My husband and I hiked this trail later in the day and should have been more prepared, but we survived and it was well worth it. I am near 60 and have a bad hip and knees and rheumatoid arthritis so I was very wary as to whether it was a good idea to hike to see the falls at the end of the trail. At the start of the trail a woman near my age encouraged me to continue and passed me her bamboo walking stick, and told me to make sure to get my feet wet and cross the stream. The hiking stick was a huge help to keep me and my knees stable on the trek. If you are in great shape wear the right shoes and take water - it will take you 2 hours round trip- for us it was more than 3 hours. The bamboo forest was other- worldly and worth the hike on its own. Near the end you need to cross a stream with many opportunities for a fall. We saw many people getting soaked, dropping cameras and sitting down hard on a rock in the stream. This is where the stick was a life saver-I was able to plant it securely in a crevice between rocks to navigate safely across the stream. My husband did not cross the stream , he didn't have shoes that he could get wet and then hike down the trail in. The density of the trees make viewing the waterfall impossible without crossing the stream. I took videos to share with him, but I regret that we weren't prepared to both enjoy the waterfall together. My water shoes weren't the best for the hike and without socks I ended up with several blisters. I highly recommend taking a light backpack to carry some water and a change of shoes that you can get wet and a dry pair of socks to wear with your hiking shoes for the trek down. If we ever go again that is what we will do, and the hiking stick is a must for hikers with problems of stability.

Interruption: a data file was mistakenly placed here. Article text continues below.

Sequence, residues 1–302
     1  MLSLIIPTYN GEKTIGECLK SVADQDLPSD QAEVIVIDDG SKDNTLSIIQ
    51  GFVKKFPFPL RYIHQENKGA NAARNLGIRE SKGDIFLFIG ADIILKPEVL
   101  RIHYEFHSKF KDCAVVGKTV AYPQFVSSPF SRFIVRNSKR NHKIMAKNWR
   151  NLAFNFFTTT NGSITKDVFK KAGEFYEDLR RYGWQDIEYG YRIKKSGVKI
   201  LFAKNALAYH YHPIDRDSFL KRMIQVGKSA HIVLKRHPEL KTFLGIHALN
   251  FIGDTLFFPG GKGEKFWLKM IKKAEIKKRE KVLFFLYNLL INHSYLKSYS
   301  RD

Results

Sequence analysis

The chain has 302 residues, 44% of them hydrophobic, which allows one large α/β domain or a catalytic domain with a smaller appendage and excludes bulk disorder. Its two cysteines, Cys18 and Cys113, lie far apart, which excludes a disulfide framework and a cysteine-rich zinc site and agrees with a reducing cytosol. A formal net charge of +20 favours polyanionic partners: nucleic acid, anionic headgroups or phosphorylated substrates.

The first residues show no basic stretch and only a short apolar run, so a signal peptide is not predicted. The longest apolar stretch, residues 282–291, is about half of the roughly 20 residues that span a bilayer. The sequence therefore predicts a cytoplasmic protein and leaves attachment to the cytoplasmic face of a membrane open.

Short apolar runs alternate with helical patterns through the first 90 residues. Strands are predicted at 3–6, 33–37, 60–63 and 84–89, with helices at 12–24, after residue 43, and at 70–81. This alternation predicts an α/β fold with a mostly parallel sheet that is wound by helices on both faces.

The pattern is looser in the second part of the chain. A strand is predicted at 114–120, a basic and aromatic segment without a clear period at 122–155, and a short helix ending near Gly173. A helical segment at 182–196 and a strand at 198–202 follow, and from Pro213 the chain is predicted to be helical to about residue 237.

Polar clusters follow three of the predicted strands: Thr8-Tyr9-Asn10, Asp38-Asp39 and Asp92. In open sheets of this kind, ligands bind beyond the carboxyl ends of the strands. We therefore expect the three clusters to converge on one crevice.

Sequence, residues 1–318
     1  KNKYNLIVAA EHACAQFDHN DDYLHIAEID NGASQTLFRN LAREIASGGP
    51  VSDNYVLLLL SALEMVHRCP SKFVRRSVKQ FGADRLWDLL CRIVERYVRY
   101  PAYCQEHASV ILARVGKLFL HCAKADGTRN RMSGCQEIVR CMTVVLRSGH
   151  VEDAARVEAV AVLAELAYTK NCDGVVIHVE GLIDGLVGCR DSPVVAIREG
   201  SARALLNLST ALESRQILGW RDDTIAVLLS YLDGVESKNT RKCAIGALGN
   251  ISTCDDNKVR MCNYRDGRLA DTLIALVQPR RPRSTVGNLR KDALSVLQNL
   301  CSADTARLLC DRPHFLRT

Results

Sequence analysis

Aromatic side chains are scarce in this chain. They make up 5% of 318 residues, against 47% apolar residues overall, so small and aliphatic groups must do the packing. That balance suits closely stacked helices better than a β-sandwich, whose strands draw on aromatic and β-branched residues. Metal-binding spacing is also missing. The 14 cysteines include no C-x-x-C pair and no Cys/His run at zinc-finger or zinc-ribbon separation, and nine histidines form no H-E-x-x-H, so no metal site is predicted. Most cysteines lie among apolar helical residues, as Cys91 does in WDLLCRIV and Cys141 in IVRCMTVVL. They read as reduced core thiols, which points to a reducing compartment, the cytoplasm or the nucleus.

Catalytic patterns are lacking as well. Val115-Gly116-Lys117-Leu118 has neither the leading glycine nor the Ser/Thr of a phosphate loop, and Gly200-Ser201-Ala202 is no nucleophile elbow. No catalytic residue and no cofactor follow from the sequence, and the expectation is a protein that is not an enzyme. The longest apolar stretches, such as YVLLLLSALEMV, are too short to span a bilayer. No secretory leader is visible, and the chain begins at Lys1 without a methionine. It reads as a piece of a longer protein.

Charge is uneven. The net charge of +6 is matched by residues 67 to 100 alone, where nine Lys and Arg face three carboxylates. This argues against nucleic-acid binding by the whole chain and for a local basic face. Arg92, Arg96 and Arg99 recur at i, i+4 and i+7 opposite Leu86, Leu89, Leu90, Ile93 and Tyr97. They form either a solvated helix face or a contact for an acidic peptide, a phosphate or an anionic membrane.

If you own or manage Pipiwai Trail, register now for free tools to enhance your listing, attract new reviews, and respond to reviewers.